At the end of March, I'll be heading west to Seattle for the Aquarian Tabernacle Church's Spring Mysteries Festival. I love an adventure, but for me, this one's particularly important. For one, I'll be going alone. Flying alone, arriving alone, exploring alone. I'll pretty much be living at the Festival site for several days, and I won't really know anyone there. I've never gone away without at least one member of my family in tow. In short, I'll be way, way out of my comfort zone. With Saturn in my sun sign (Sagittarius), I'm not surprised, but this is an opportunity and a challenge that I must take. I'm excited and, truth be told, a little scared. But that's what sacred pilgrimage is all about--for me, another first.
I've gone on many spiritual journeys--they're all pilgrimages in a way--but nothing like this, nothing so focused or with such purpose, or in or with the spirit of the wider community. What became evident right away was that my journey has already started even thought the Festival is weeks away. The coming days will be filled with preparation both practical and spiritual--an important part of the whole experience.
The first thing to do was to immerse myself in the myth and mystery driving this event. The Festival revolves around the Eleusinian Mysteries--the story of Demeter and Persephone (Kore), and brings them to life through ritual, drama and shrines of living deity. The Mysteries are a thousands-year-old rite that the ATC has celebrated annually for over thirty years. My spiritual leanings have never really included the Greek or Roman Pantheon, but thinking back on it now, a Hellenic presence has, in many ways, been quietly inserting itself into my life: In Sirenz and Sirenz Back in Fashion, in the research I'd been doing for for Magical Destinations and later in the the recent founding of a Hellenic Temple in Washington, D.C. Even if I was unaware of it, a flame has been burning.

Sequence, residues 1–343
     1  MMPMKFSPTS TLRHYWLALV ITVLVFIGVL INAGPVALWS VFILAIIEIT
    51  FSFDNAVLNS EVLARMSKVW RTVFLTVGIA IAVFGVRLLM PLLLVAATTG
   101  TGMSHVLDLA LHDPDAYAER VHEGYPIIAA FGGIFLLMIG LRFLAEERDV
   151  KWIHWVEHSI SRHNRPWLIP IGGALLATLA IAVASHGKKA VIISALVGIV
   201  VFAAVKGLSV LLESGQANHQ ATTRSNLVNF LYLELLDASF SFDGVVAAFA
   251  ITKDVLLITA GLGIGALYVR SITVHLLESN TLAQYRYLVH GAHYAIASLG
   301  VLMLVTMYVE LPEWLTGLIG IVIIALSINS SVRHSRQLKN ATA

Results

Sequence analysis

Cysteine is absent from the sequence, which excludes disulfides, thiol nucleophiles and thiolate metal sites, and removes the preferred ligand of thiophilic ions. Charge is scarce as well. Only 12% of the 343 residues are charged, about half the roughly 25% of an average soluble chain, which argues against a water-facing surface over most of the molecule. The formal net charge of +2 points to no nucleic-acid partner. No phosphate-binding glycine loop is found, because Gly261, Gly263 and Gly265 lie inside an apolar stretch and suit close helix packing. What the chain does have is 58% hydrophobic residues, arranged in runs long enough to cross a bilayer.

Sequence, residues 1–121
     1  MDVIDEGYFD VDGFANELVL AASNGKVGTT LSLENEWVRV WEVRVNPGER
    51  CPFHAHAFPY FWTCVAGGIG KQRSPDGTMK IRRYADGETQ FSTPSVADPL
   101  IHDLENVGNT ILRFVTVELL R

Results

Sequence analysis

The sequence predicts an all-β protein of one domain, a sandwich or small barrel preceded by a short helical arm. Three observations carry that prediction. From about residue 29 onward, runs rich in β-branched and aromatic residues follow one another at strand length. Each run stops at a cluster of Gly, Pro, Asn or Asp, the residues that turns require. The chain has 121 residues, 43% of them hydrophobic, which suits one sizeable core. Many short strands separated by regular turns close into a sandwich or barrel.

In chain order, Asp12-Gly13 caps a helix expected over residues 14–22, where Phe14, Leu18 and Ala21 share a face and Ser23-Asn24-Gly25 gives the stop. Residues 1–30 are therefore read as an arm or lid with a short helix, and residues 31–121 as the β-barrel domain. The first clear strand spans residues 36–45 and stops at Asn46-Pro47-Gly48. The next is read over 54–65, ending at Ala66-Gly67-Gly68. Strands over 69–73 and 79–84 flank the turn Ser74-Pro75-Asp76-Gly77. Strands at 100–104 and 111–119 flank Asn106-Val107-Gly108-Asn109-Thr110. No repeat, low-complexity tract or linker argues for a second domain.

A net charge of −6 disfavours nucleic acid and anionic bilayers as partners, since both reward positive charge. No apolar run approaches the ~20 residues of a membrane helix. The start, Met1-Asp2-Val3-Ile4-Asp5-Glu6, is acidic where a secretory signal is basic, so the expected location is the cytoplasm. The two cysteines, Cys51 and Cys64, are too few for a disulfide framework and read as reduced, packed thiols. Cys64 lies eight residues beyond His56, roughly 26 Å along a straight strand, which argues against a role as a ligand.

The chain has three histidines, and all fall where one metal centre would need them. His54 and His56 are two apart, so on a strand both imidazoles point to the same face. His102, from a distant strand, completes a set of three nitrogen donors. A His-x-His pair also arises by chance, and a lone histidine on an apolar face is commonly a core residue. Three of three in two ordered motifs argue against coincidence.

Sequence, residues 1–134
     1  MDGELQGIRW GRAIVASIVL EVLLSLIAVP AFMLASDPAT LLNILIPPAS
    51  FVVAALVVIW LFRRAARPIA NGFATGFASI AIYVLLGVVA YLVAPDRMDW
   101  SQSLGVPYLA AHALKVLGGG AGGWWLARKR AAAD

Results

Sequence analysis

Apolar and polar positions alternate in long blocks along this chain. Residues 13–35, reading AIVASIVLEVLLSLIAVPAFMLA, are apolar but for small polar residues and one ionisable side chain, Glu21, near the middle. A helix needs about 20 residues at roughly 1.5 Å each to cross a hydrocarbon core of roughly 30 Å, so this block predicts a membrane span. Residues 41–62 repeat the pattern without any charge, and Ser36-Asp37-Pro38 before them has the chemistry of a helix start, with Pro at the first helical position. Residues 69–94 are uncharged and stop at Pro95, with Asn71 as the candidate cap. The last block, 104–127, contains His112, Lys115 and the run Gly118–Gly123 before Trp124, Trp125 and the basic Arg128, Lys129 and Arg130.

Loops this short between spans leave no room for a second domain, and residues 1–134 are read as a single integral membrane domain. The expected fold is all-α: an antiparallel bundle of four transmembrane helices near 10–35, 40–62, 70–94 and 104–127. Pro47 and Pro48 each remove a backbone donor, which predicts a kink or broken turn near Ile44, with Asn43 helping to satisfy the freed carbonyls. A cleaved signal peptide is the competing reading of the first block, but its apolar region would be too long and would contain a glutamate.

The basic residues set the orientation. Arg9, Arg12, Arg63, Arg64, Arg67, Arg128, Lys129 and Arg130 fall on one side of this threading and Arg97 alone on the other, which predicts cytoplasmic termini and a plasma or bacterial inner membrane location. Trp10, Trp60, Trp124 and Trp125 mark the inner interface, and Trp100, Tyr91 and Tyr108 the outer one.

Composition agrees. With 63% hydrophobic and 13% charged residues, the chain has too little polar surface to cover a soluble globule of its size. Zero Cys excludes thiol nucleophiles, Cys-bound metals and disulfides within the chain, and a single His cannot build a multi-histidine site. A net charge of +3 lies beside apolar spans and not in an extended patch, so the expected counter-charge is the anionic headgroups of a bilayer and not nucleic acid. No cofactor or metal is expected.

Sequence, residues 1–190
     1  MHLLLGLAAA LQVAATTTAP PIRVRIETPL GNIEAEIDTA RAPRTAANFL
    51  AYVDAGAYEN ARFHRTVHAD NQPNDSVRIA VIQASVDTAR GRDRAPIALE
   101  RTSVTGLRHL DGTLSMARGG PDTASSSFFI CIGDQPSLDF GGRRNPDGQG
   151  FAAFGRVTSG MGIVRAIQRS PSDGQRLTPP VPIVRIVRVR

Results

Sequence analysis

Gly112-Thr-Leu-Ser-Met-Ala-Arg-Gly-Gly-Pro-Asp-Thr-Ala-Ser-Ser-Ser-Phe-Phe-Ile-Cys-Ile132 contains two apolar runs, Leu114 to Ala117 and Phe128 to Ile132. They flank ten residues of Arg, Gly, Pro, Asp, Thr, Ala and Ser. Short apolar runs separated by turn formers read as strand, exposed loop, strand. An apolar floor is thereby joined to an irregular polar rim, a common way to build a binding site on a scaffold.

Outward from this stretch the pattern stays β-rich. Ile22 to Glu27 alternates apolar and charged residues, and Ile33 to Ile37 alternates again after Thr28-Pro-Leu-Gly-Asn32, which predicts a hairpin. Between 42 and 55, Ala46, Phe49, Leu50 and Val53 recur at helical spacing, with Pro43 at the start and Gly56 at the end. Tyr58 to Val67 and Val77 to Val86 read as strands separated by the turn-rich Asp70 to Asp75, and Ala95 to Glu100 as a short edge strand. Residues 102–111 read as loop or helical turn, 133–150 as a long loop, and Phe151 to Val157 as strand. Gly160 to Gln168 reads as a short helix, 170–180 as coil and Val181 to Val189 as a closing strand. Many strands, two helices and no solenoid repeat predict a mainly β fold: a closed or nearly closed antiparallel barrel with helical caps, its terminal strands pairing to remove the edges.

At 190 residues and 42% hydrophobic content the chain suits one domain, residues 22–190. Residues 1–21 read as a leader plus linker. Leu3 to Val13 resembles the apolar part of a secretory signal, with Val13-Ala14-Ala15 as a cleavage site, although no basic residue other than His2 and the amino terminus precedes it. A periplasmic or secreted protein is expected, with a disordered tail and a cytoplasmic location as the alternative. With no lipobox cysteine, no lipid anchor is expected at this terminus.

As part of my preparations, I visited the the Metropolitan Museum of Art in New York City. There, among the Greek and Roman collections is a fragment of the Great Eleusinian Relief, a Roman copy of a Greek original depicting Demeter and Kore. There's something about being in the presence of ancient objects that inspires; these touchstones to the past somehow make things real--but the Relief is also a representation of deity. Even though there were crowds of chatting people all around me, when I looked into their faces, all the noise and people and distractions melted away. These were not strangers; I'd known them all along. Soon, I'll be walking among them in the shadow of Mount Olympus.
The Spring Mysteries Festival is a little less than two months away, but the journey, for me and so many others, has begun. Over the next eight weeks, I'll be preparing, praying, packing, pondering, and sharing my experience here. Are you going to the Festival (or thinking about going?)? Let's get ready together!
♥ #SMFPilgrim ♥